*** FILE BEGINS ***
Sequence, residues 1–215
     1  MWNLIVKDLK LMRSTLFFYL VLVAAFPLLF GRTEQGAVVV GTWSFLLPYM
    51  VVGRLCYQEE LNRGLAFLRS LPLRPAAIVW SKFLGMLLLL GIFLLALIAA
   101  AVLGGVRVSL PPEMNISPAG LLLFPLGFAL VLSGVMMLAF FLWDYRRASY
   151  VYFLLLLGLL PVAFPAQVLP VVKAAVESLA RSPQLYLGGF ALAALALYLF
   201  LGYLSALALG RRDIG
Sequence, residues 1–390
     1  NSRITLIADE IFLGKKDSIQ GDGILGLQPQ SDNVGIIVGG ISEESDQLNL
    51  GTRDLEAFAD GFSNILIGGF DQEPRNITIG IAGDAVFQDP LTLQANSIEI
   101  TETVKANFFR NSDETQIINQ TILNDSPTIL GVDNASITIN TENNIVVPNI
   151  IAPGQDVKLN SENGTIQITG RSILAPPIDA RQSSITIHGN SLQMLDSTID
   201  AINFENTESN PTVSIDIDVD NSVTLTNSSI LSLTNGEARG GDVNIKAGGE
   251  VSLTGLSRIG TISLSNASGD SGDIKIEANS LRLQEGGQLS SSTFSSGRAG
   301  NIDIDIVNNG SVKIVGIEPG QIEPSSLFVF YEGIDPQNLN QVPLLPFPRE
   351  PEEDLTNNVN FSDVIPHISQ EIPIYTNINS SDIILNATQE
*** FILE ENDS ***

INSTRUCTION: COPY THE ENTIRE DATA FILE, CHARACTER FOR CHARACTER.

Sequence, residues 1–215
     1  MWNLIVKDLK LMRSTLFFYL VLVAAFPLLF GRTEQGAVVV GTWSFLLPYM
    51  VVGRLCYQEE LNRGLAFLRS LPLRPAAIVW SKFLGMLLLL GIFLLALIAA
   101  AVLGGVRVSL PPEMNISPAG LLLFPLGFAL VLSGVMMLAF FLWDYRRASY
   151  VYFLLLLGLL PVAFPAQVLP VVKAAVESLA RSPQLYLGGF ALAALALYLF
   201  LGYLSALALG RRDIG
Sequence, residues 1–390
     1  NSRITLIADE IFLGKKDSIQ GDGILGLQPQ SDNVGIIVGG ISEESDQLNL
    51  GTRDLEAFAD GFSNILIGGF DQEPRNITIG IAGDAVFQDP LTLQANSIEI
   101  TETVKANFFR NSDETQIINQ TILNDSPTIL GVDNASITIN TENNIVVPNI
   151  IAPGQDVKLN SENGTIQITG RSILAPPIDA RQSSITIHGN SLQMLDSTID
   201  AINFENTESN PTVSIDIDVD NSVTLTNSSI LSLTNGEARG GDVNIKAGGE
   251  VSLTGLSRIG TISLSNASGD SGDIKIEANS LRLQEGGQLS SSTFSSGRAG
   301  NIDIDIVNNG SVKIVGIEPG QIEPSSLFVF YEGIDPQNLN QVPLLPFPRE
   351  PEEDLTNNVN FSDVIPHISQ EIPIYTNINS SDIILNATQE